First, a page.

In other schools he would be a 'free reader' as he is free to choose which books he wants to from the boxes of reading books. But our school let them do that from very early on - he was certainly choosing books at some point in reception.
In DS1s first school I never even heard the term free reader (he left in year 1) but from the end of reception he was taken to the neighbouring junior school for reading books (above lime level).
DS1 was still reading reading scheme books in school (along with other books - Treasure Island etc) in year 6, he came out with top marks in the Welsh reading level tests but technically wasn't a 'free reader'. Now in year 7 they are still reading set texts, so still not technically a 'free reader' but he is perfectly capable of reading most things put in front of him. But there are still words he comes across when we are reading together that he doesn't understand.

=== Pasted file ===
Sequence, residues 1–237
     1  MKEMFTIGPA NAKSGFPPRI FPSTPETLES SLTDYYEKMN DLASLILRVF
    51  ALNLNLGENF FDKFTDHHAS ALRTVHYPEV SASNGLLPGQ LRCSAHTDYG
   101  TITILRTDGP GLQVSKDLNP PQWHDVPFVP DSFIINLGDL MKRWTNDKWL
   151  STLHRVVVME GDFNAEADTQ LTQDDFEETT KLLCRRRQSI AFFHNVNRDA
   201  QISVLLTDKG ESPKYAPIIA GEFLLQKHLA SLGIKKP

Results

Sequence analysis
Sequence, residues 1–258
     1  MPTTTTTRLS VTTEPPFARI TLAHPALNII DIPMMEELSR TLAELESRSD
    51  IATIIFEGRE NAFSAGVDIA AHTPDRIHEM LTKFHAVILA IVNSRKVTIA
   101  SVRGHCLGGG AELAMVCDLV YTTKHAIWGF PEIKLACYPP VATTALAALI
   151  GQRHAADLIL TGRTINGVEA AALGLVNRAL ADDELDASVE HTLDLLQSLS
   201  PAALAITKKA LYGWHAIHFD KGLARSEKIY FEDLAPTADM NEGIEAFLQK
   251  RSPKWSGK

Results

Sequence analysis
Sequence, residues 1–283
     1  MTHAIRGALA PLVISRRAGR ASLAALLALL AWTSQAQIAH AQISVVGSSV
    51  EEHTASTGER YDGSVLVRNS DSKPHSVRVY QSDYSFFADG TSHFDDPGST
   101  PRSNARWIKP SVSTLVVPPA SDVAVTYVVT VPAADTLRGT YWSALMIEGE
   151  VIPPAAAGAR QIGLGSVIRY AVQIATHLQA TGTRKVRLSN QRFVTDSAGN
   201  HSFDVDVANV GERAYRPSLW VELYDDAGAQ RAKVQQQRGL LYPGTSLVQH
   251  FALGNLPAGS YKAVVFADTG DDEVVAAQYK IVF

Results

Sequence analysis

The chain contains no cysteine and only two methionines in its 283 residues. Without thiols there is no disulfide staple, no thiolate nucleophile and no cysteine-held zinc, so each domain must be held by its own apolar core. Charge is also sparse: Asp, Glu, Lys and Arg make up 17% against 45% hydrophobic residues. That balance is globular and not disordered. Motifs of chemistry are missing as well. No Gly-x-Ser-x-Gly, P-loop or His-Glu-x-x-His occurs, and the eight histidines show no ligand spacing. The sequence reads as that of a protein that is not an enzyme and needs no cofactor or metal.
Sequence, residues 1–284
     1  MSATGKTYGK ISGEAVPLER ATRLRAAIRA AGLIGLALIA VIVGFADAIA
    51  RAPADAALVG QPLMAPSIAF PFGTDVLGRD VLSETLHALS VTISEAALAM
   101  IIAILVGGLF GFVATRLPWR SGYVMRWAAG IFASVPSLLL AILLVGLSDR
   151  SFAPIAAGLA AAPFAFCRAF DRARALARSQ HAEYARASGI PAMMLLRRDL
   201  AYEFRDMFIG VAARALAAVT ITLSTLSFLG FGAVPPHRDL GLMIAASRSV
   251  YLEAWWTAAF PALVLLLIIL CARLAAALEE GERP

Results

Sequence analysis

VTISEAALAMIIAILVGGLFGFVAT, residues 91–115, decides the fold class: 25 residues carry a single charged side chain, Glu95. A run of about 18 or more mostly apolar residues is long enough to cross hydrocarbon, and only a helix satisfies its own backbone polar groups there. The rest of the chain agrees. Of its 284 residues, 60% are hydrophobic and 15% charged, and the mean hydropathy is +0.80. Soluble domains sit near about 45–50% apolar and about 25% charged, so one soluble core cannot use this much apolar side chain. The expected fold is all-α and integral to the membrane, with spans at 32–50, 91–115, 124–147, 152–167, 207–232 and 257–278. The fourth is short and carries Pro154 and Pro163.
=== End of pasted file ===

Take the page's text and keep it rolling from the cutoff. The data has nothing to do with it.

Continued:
My DD, who is just 9, can read a page of anything in English I put under her nose - as I do every night, as I make all my family read a page of something after dinner and then correct their pronunciation and expression and we have a talk about content (which often is a follow-on from a previous night). Her reading skills are good but not exceptional - she is, after all, at school in France and does most of her education in French, not English. I am not putting a page of Shakespeare under her nose - it's more likely to be an article from The Economist or a scientific journal, if not a page of modern English literature. I would call that free reading and that doesn't seem to me very controversial.